Children who are being bullied often find it very difficult to tell anyone, because they believe things will get worse if the child doing the bullying finds out. They can feel ashamed and embarrassed about what is happening and this is what the bully relies on.

There are three widely acknowledged means of bullying:

  • direct physical bullying (pushing, hitting, punching, kicking)
  • direct verbal bullying (yelling abuse at another, name-calling, insulting someone, using verbal threats)
  • indirect bullying, also known as social bullying or relational bullying (spreading rumours, social exclusion, disclosing another’s secrets to a third party).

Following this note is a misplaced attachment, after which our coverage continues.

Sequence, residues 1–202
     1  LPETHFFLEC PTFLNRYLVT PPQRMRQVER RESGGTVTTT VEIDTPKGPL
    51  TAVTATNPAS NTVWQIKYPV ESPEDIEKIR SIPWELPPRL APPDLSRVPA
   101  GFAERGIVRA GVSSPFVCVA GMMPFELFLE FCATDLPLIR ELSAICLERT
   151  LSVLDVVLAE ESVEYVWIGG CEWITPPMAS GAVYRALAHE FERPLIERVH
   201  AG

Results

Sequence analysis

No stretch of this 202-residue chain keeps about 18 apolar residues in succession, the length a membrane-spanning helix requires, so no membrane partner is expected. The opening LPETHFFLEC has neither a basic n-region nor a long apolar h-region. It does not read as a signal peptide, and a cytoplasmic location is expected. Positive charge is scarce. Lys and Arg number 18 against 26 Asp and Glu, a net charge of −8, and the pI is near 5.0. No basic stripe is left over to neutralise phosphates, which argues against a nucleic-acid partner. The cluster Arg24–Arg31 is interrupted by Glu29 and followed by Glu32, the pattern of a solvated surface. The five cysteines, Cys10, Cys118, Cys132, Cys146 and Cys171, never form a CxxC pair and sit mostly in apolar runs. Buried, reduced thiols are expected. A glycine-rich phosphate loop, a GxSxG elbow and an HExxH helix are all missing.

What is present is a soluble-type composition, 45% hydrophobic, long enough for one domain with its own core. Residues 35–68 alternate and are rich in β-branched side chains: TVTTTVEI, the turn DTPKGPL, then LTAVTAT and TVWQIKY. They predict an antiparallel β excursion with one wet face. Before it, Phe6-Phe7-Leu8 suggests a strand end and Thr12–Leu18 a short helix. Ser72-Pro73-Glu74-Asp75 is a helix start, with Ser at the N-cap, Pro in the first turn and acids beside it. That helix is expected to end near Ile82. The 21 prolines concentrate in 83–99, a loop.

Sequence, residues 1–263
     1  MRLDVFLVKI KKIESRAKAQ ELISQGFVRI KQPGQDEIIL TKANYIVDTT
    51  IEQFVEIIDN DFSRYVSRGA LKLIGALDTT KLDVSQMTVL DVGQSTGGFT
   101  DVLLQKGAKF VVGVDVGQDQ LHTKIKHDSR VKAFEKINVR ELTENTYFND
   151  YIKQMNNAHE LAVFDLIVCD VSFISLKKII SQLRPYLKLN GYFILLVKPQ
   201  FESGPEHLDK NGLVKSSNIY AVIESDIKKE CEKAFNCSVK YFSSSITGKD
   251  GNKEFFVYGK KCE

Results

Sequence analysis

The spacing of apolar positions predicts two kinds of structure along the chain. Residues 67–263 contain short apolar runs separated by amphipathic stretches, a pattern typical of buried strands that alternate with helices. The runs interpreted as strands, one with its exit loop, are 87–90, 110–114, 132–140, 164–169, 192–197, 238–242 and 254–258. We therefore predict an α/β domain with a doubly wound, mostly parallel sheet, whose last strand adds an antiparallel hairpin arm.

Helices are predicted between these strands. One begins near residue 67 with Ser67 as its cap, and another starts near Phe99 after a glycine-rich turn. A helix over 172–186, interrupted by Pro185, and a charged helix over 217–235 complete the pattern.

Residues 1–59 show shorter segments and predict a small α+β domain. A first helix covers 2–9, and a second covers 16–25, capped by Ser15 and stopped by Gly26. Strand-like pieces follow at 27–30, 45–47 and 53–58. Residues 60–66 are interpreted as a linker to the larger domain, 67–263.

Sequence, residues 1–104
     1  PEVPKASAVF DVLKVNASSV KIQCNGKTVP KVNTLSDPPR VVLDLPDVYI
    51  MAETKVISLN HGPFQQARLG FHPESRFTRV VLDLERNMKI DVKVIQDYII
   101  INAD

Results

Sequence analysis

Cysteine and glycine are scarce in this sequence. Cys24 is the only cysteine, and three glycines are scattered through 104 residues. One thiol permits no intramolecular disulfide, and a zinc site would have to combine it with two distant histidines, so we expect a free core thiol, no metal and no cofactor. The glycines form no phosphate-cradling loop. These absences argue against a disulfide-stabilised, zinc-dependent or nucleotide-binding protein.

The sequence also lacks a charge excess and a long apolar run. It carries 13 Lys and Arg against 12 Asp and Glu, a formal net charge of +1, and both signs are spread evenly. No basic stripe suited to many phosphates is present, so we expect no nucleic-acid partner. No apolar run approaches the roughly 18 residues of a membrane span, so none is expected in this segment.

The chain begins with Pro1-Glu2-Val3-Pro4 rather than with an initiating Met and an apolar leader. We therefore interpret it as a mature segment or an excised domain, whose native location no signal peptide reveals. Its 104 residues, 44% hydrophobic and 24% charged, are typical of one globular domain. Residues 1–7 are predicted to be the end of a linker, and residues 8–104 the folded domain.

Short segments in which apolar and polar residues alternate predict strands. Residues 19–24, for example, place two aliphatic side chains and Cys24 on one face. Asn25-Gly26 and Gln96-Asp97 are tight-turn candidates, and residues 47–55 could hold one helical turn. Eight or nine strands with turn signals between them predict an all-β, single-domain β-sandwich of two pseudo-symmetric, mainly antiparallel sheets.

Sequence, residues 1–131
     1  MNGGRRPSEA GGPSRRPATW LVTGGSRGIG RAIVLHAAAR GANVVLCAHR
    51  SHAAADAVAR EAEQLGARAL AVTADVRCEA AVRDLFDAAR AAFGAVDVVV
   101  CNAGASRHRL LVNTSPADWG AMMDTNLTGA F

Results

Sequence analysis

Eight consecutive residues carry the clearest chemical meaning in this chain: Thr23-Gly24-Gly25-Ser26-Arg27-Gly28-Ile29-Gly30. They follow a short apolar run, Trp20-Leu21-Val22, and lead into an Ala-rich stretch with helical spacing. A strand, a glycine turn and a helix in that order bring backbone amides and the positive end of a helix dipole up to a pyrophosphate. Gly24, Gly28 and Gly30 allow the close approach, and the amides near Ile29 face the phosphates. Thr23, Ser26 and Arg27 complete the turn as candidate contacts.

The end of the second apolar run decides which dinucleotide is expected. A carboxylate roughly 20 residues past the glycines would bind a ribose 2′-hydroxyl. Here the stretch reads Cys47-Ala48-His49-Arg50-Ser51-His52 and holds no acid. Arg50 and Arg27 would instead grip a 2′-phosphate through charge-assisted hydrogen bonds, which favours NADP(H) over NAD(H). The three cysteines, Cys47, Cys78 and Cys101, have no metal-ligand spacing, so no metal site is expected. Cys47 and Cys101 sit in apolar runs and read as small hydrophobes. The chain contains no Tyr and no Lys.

Cyberbullying is when a person or a group of people uses the internet, mobile phones, online games or any other kind of digital technology to threaten, tease, upset or humiliate someone else. You can report any online abuse through the Child Exploitation and Online Protection Centre (CEOP) website.

Other Resources

Anti-bullying Week 2015

The theme of Anti-Bullying Week 2015 is 'Make a Noise about Bullying'. It runs from 16th - 20th November 2015 and you can get involved on Twitter with the #antibullyingweek.

The Anti-bullying Alliance and Red Balloon Learner Centres have worked in partnership to produce 'Information for Parents and Carers on Bullying' The guide includes advice on supporting your child with bullying issues, information on bullying and the law, and guidance on how to make a complaint about bullying.

Find out more about Anti-Bullying Week.